I had a conversation last week about merit pay, and why I didn’t believe in it. I said it pissed me off to no end that I _knew_ from all sorts of objective observations that I worked harder and more successfully than many of my colleagues, yet earned nothing more for it – BUT, until a system was implemented that could determine what we mean by ‘merit,’ and avoid causing all of us to teach to tests and thus damage student learning, I was still against it.
What’s the best solution to this dilemma that you’ve thought or read?
This is good stuff, Clay. The thought that a teacher should embrace performance pay only when the system designed supports responsible teaching really resonates with me. I’ve written more than once about how my teaching has changed in response to today’s accountability culture and it ain’t pretty. Supporting alternative compensation models in any system that didn’t consider the consequences that new performance measures have on teaching and learning would be unethical, wouldn’t it.
As far as the best solutions go, I think that Denver’s got it right. Working with district leaders, Denver’s teacher union developed a system of compensation that is far more complex than most of the solutions that are proposed today. Called ProComp, Denver’s plan rewards teachers differently for earning professional development units that support the district’s mission and vision, for working in hard to serve schools or hard to staff assignments, for producing results on standardized tests, and for earning satisfactory ratings on evaluations.
What I like the most about Denver’s plan, though, is that teachers have the opportunity to earn additional compensation for meeting two “student growth objectives.” These are measurable learning targets that teachers write on their own in conjunction with their building leaders. Then, during the course of the school year, teachers collect evidence demonstrating whether or not students have achieved the goals that teachers set out to reach.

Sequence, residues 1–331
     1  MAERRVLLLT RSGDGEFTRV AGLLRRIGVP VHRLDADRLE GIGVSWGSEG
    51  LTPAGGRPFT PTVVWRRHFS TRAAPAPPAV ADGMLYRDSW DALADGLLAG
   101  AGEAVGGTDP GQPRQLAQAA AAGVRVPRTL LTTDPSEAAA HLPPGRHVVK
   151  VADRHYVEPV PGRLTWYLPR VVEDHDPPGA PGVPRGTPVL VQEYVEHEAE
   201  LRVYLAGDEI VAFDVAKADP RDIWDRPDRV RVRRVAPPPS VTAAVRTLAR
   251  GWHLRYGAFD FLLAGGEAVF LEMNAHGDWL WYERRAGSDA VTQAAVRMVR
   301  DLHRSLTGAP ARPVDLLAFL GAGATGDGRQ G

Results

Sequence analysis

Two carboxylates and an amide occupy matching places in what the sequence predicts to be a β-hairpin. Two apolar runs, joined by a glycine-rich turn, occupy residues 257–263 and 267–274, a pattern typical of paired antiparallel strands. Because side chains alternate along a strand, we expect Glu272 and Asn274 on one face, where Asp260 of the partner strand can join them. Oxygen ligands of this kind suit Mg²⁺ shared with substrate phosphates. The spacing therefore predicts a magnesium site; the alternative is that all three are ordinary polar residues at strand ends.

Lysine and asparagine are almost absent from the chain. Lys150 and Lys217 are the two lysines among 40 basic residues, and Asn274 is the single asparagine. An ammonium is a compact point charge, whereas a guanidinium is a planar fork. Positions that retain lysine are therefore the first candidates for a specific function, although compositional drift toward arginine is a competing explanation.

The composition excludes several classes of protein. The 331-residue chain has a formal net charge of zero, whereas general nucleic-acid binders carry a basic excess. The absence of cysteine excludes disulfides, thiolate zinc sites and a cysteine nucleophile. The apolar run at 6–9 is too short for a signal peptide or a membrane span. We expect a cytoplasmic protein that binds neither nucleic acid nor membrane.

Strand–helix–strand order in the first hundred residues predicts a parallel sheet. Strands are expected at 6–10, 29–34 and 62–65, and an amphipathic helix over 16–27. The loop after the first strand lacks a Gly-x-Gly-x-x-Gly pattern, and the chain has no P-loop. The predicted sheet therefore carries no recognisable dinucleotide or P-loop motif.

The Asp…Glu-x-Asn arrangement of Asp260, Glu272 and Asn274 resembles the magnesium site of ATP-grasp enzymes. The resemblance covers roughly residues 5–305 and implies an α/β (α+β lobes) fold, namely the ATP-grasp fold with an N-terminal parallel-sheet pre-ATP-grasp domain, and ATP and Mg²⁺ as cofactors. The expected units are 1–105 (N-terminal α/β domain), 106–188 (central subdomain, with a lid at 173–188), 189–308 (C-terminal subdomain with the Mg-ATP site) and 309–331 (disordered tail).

Simple yet powerful, huh? Reward teachers for systematically reflecting on their practice. Those are the kinds of behaviors we want to see from every teacher, so let’s incentivize them.
What I also like about Denver’s plan is that teachers have clear avenues for increasing their salaries. If I’m a young educator who has a passion for earning more, I can decide to go and work in a hard to serve school and add to my compensation. Likewise, if I’m a new father who is swamped with day to day life as it is, I can cycle out and work in a less demanding school for a few years.
Think about the flexibility that the district builds for itself with Procomp. Today’s hard to staff subject or hard to serve school is unlikely to be tomorrow’s, right? With Procomp, Denver can choose what it wants to incentivize and make changes over time. Doing that with professional development units and credits makes even more sense. The kinds of knowledge and skills that teachers need to be successful today are going to be far different from the kinds of knowledge and skills that teachers are going to need to be successful tomorrow—-so why not take a shorter term view of how we differentiate salaries and stipends for continuing education?
Does any of this make sense?
I guess what I’m saying is a successful compensation plan has to be flexible for both teachers and taxpayers. Teachers should be able to make concious choices that can increase their salary—working in incentivized buildings, taking incentivized professional development, collecting data in a systematic way that documents their impact—-and districts should be able to conciously decide the kinds of things that they most want to incentivize in their district.
Today’s compensation systems—based on years of experience and master’s degrees—just plain lack the ability to respond to changing realities.